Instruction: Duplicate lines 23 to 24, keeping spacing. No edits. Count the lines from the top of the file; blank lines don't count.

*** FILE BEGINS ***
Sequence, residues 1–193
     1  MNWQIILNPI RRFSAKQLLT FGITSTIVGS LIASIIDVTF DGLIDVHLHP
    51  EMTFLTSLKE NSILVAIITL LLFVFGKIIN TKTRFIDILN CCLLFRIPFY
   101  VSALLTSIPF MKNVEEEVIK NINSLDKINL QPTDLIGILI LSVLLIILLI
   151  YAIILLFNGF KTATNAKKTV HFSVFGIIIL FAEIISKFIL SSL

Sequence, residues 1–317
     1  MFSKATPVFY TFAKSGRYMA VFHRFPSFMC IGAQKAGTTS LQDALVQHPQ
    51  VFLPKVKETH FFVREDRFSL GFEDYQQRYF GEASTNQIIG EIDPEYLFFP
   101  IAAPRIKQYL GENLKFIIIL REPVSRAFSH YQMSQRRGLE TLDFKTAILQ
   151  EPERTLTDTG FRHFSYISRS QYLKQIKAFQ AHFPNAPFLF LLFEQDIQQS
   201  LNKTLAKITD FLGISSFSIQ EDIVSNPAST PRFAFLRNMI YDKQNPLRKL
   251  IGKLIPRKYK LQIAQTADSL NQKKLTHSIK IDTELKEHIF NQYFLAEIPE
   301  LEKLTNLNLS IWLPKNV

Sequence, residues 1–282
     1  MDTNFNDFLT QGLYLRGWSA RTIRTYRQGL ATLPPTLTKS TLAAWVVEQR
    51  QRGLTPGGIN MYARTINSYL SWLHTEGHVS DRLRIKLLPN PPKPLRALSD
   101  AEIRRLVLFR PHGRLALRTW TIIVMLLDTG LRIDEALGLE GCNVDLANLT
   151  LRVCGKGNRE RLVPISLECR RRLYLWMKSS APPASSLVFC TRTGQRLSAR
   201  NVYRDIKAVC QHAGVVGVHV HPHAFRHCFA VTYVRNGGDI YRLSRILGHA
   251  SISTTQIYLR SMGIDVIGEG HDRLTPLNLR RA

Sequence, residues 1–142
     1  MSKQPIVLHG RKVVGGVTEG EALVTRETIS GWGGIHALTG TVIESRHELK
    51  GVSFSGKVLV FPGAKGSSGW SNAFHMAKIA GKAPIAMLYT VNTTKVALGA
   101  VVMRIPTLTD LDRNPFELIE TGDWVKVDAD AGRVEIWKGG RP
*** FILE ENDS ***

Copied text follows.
    51  GVSFSGKVLV FPGAKGSSGW SNAFHMAKIA GKAPIAMLYT VNTTKVALGA
   101  VVMRIPTLTD LDRNPFELIE TGDWVKVDAD AGRVEIWKGG RP